Texas clinic and Mississippi's only abortion clinic share plans to move to New Mexico

The southwestern state bordered by states with strict abortion laws may become a new hotspot for pregnancy termination.
An ultrasound machine at a women's clinic for examining pregnant women
(Scott Olson/Getty Images)

A Texas abortion provider and the last abortion clinic in Mississippi have each announced plans to shut down and move to New Mexico, a state in which abortions remain legal.

The Texas abortion clinic, Whole Woman's Health, announced Wednesday that it would be closing its Lone Star clinics and seeking a site just across the border in New Mexico, at which it will provide first- and second-trimester abortions.

The group is hoping to raise three-quarters of a million dollar for its relocation efforts. The new clinic will potentially serve residents of Texas, Arizona, Oklahoma and other relatively close states that have now instituted abortion bans. 

Similarly, in Mississippi, the last abortion clinic in the state, officially shuttered Wednesday, one day before the trigger ban that outlaws nearly all abortions in the state went into effect. 

The woman who led the clinic, Shannon Brewer, is involved in the Supreme Court case Dobbs v. Jackson Women's Health Organization that led to the recent overturning of Roe v. Wade, which for decades provided a constitutional right to abortion.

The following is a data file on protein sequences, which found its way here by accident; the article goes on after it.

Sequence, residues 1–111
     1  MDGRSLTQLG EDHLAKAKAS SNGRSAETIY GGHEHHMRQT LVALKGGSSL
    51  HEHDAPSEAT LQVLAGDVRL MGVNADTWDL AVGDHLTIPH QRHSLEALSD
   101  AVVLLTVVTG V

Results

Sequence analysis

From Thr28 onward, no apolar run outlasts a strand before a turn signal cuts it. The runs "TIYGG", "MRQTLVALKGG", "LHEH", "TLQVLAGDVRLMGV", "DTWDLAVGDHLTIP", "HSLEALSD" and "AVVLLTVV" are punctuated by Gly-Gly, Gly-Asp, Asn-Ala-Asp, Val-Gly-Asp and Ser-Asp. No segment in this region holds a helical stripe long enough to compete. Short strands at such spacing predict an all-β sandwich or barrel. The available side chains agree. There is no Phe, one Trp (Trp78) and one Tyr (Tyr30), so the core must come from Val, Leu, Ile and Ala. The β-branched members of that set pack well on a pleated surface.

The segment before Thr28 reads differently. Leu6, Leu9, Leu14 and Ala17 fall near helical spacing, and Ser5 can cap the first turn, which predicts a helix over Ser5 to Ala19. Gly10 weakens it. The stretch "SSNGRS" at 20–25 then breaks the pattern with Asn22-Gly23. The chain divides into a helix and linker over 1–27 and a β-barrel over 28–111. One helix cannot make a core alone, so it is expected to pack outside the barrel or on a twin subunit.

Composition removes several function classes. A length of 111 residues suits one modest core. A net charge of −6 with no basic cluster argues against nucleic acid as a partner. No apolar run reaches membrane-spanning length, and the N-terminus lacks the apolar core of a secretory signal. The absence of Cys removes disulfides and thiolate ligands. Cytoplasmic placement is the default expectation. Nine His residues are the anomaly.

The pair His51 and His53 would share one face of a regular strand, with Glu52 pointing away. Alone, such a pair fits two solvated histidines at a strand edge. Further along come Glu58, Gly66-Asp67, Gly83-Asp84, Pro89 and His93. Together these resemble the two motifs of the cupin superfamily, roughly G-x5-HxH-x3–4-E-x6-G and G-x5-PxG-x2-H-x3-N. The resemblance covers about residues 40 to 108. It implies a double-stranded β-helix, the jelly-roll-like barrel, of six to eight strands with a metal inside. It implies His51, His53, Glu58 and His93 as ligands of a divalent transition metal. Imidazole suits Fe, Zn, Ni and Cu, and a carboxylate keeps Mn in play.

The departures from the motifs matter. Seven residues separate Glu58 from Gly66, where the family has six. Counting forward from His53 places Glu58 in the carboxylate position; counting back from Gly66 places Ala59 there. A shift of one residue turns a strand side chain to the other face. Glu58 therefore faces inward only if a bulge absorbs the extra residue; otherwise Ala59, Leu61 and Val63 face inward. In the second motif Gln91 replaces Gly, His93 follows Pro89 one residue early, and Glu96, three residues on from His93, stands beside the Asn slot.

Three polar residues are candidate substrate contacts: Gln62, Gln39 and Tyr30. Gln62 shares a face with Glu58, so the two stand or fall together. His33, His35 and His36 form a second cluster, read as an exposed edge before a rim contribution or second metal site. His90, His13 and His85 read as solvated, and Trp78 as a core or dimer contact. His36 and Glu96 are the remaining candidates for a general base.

She told the Washington Post several weeks ago that the clinic plans to relocate to New Mexico.

The team will relocate to Las Cruces, a town in southern New Mexico. 

Since the Supreme Court last month returned power to the states to decide abortion laws, many companies have volunteered to pay for their employees to travel to receive abortions.

Beyond proximity, New Mexico became a short-list choice to relocate clinics after Democratic Gov. Michelle Lujan Grisham last month signed an executive order that protects medical providers in her state from "discipline due to an out-of-state resident receiving abortion services in New Mexico."

According to the order, the state will also "not entertain extradition attempts from other states relating to receiving or performing reproductive services."

In the states that immediately border New Mexico – Utah, Arizona, Oklahoma, and Texas – most abortions have been outlawed. In neighboring Colorado, however, abortion remains legal at all stages of a pregnancy.